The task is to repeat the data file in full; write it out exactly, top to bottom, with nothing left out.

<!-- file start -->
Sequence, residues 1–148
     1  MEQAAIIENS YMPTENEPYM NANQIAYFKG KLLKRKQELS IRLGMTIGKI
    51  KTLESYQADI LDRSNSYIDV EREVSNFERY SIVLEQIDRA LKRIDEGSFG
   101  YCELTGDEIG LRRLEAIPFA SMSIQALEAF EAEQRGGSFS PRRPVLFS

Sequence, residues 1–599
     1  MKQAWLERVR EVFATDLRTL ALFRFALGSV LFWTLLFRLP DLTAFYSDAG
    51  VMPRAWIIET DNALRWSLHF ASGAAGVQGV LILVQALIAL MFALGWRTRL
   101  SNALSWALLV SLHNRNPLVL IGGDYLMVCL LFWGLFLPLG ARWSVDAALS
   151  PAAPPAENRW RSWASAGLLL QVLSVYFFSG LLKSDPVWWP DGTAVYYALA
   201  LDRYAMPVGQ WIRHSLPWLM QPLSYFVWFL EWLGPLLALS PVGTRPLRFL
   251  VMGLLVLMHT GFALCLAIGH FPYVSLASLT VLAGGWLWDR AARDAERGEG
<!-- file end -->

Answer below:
Sequence, residues 1–148
     1  MEQAAIIENS YMPTENEPYM NANQIAYFKG KLLKRKQELS IRLGMTIGKI
    51  KTLESYQADI LDRSNSYIDV EREVSNFERY SIVLEQIDRA LKRIDEGSFG
   101  YCELTGDEIG LRRLEAIPFA SMSIQALEAF EAEQRGGSFS PRRPVLFS

Sequence, residues 1–599
     1  MKQAWLERVR EVFATDLRTL ALFRFALGSV LFWTLLFRLP DLTAFYSDAG
    51  VMPRAWIIET DNALRWSLHF ASGAAGVQGV LILVQALIAL MFALGWRTRL
   101  SNALSWALLV SLHNRNPLVL IGGDYLMVCL LFWGLFLPLG ARWSVDAALS
   151  PAAPPAENRW RSWASAGLLL QVLSVYFFSG LLKSDPVWWP DGTAVYYALA
   201  LDRYAMPVGQ WIRHSLPWLM QPLSYFVWFL EWLGPLLALS PVGTRPLRFL
   251  VMGLLVLMHT GFALCLAIGH FPYVSLASLT VLAGGWLWDR AARDAERGEG